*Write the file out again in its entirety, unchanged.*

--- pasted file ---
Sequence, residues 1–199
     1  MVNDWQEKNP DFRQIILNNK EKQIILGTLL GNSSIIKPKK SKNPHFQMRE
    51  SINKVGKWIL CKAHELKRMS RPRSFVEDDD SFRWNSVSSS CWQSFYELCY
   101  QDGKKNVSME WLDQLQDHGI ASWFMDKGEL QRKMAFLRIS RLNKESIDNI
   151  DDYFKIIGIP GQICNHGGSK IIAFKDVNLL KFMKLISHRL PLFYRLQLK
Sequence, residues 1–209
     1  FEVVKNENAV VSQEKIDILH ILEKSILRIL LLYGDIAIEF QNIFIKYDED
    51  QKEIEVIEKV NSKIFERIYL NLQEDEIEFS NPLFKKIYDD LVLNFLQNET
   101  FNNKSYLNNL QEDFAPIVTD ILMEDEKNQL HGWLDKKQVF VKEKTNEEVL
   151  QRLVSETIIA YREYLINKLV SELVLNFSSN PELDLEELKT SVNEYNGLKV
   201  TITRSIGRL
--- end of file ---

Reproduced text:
Sequence, residues 1–199
     1  MVNDWQEKNP DFRQIILNNK EKQIILGTLL GNSSIIKPKK SKNPHFQMRE
    51  SINKVGKWIL CKAHELKRMS RPRSFVEDDD SFRWNSVSSS CWQSFYELCY
   101  QDGKKNVSME WLDQLQDHGI ASWFMDKGEL QRKMAFLRIS RLNKESIDNI
   151  DDYFKIIGIP GQICNHGGSK IIAFKDVNLL KFMKLISHRL PLFYRLQLK
Sequence, residues 1–209
     1  FEVVKNENAV VSQEKIDILH ILEKSILRIL LLYGDIAIEF QNIFIKYDED
    51  QKEIEVIEKV NSKIFERIYL NLQEDEIEFS NPLFKKIYDD LVLNFLQNET
   101  FNNKSYLNNL QEDFAPIVTD ILMEDEKNQL HGWLDKKQVF VKEKTNEEVL
   151  QRLVSETIIA YREYLINKLV SELVLNFSSN PELDLEELKT SVNEYNGLKV
   201  TITRSIGRL